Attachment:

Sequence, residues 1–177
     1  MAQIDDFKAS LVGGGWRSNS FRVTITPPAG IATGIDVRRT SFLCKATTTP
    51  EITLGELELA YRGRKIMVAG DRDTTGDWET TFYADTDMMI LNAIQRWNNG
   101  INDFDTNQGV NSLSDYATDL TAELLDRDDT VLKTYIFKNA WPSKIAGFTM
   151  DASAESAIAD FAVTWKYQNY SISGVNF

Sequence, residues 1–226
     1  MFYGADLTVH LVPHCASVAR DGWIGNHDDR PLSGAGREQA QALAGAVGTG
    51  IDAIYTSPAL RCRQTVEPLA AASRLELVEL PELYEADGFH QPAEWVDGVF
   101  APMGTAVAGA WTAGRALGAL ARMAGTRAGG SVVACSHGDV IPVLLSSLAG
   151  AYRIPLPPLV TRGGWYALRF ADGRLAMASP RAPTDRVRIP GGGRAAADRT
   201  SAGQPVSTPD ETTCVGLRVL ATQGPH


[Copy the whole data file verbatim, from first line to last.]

Sequence, residues 1–177
     1  MAQIDDFKAS LVGGGWRSNS FRVTITPPAG IATGIDVRRT SFLCKATTTP
    51  EITLGELELA YRGRKIMVAG DRDTTGDWET TFYADTDMMI LNAIQRWNNG
   101  INDFDTNQGV NSLSDYATDL TAELLDRDDT VLKTYIFKNA WPSKIAGFTM
   151  DASAESAIAD FAVTWKYQNY SISGVNF

Sequence, residues 1–226
     1  MFYGADLTVH LVPHCASVAR DGWIGNHDDR PLSGAGREQA QALAGAVGTG
    51  IDAIYTSPAL RCRQTVEPLA AASRLELVEL PELYEADGFH QPAEWVDGVF
   101  APMGTAVAGA WTAGRALGAL ARMAGTRAGG SVVACSHGDV IPVLLSSLAG
   151  AYRIPLPPLV TRGGWYALRF ADGRLAMASP RAPTDRVRIP GGGRAAADRT
   201  SAGQPVSTPD ETTCVGLRVL ATQGPH